Sergiu M. Brădean

Home » Book Reviews » Stephen Seamands, Wounds That Heal, (IVP Books, 2003)

Stephen Seamands, Wounds That Heal, (IVP Books, 2003)

In one of the churches I minister, there is this 91 years old Elder. He is considered very spiritual and trustworthy. But he had gone through very rough times in his life. Reading Dr. Seamands book I remembered his story. In 1989 in December before the anti-Communist Revolution, he had three of his girls (he had 5 girls and 3 boys) in Timisoara (the city where the Revolution started); the older daughter, the second one and the youngest. The first two were working and the youngest just started her college (October 1st that year). The Revolution started on Saturday December 16, and on Sunday night, on the way home from the church, this three girls decided to pass by the place where most of the people from the revolution were, to see what was going on there. That day the shooting started and continued through the night, but people gathered very fast in the National Opera Plaza. So, going through a park, close to the hot spot of the revolution, holding hands, with the youngest in the middle, a sniper shot both older girls. The youngest saw her two sisters from her sides falling down almost instantly. People gathered around her, took her from there and the bodies of the shot girls disappeared. After a weak, after the Communism was abolished, the family was able to find only one of the dead girls. Apparently she didn’t die in the park, but was executed in the head in the hospital. They couldn’t find the other one because the communist authorities, in order to hide the crimes, sent 200 bodies to Bucharest to be cremated. All this, left a big pain in the entire family but mostly in this father’s heart. He was angry with God for many years after this los though continuing to do ministry. Then, something happened: he talks about a vision, in which he met God, the Father. In this vision he asked God why he had to go through that pain and he asked for healing from his pain. But God told him that He suffered too; He saw his Son being killed too; and when he is in pain he should look to the Cross, and to Christ’s wounds, because He bore his suffering on the cross too. This elder witnesses that from the moment, he realized Christ suffered and the Father suffered with Him, his pain was gone. This is the thesis of Dr. Seamand’s book too. Christ bore our hurts on the Cross in order that we would be healed.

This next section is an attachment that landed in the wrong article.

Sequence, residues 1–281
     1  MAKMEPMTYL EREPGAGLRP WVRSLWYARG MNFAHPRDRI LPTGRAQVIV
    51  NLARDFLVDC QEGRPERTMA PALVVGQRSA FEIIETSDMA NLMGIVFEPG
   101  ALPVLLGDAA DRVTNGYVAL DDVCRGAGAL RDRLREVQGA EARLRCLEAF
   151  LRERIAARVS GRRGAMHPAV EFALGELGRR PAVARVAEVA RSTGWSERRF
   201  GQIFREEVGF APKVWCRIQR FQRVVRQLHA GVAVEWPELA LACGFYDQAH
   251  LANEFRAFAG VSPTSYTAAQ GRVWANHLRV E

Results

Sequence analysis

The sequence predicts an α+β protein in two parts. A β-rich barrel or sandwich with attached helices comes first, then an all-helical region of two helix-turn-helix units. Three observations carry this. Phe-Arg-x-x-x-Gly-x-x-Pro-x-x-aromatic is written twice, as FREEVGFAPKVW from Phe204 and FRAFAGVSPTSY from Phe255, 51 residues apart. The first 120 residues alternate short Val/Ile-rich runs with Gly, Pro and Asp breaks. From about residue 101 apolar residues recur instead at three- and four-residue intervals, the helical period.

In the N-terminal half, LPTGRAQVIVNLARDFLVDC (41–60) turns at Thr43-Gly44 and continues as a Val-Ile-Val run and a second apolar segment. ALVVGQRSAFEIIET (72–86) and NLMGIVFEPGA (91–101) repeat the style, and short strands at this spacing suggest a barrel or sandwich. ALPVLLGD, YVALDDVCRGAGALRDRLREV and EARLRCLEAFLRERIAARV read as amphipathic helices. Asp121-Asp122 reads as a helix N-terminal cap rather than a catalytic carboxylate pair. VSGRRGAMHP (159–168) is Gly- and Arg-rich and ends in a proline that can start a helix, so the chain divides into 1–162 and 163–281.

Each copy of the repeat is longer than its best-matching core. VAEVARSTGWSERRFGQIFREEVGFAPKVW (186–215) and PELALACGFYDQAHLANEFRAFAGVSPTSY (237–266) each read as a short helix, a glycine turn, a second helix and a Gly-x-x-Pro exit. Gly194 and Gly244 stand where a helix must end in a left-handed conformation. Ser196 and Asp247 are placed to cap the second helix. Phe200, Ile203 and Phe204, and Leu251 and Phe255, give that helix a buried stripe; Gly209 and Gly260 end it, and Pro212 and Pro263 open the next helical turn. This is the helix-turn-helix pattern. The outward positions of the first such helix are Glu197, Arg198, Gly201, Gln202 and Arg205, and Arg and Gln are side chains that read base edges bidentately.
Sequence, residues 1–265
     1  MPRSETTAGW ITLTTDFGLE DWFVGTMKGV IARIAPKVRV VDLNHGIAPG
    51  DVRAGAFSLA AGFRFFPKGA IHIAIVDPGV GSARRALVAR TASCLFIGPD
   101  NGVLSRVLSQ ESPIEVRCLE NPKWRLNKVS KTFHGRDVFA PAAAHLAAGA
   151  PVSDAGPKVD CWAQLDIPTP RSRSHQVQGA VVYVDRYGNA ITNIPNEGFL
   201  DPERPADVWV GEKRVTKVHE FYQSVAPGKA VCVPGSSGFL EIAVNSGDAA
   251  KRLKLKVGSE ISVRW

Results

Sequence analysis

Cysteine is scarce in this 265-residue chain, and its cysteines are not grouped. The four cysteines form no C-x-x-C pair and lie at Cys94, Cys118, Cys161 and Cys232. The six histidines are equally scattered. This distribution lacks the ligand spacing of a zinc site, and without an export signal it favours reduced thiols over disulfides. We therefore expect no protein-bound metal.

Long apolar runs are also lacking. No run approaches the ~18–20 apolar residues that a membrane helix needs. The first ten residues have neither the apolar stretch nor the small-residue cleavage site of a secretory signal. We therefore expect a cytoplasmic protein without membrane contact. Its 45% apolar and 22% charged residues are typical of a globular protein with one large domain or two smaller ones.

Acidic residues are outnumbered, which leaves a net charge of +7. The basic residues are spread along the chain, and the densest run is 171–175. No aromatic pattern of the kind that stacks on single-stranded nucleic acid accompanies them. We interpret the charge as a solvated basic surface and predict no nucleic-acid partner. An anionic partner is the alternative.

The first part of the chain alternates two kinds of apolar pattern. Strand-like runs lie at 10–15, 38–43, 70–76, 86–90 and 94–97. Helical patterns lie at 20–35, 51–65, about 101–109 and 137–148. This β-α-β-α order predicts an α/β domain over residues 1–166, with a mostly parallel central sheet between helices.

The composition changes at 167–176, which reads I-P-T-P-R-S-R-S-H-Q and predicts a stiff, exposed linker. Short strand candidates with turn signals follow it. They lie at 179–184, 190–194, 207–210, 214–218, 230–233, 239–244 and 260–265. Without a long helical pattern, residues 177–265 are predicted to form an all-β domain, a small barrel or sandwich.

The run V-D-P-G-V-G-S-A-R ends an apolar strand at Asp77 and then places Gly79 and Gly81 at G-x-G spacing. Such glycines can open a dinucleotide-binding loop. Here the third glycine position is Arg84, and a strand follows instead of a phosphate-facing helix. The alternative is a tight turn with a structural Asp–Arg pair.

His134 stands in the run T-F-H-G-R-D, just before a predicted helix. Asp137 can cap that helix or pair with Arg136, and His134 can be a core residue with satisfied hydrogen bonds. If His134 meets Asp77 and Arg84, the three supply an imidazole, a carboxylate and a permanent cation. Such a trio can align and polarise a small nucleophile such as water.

The book has two parts. The first part has to do with the problem of human pains. But it addresses the human hurts through the Cross and it’s pain. Looking at Jesus Christ and taking the reader through each step of Christ’s sufferings, Stephen Seamands states a crude reality; the pain as unjust and as hurtful, and as devastating as it is exists in our world, and some times there is nothing we can do about it. This is opposed to the philosophy of this world, which promotes cheap deliverance from the pain, by running away from it. The good news of this part of the book is that Jesus suffered our pain in his suffering on the Cross. The most challenging chapter for me was chapter six that speaks of deliverance from demonization. It was hard for me to accept the statement that Christians can be under the influence of evil spirits (demonization) while having the Holy Spirit in their life. But the fine distinction that Dr. Seamands make between “demon possession” and “demonization”(96-97) makes, helped me understand his point.

The second part of the book, offers a path to healing through the Cross. Again, the most important aspect emphasized is that Christ suffered with us on the Cross. The hardest part here is to make the steps of embracing the pain. This chapter describes a very painful way of acknowledging past hurts in life. It made me wander if the process of reliving the pain isn’t more painful than the past pain. But I realized that this is the path to healing. Also this way of doing healing brings humans to a point where they can forgive, and where they can love the ones who afflicted the pain (their enemies). And in the end our hearts can become “radiant scars” allowing “the Lord to glorify Himself with our wounds”. (175)

This book, written by Dr. Seamands, is the kind of book you read with an eye toward your own life, towards your own pain, frustrations and experiences. We all minister best out of our brokenness and this is a book that offers the true hope of healing through Christ.

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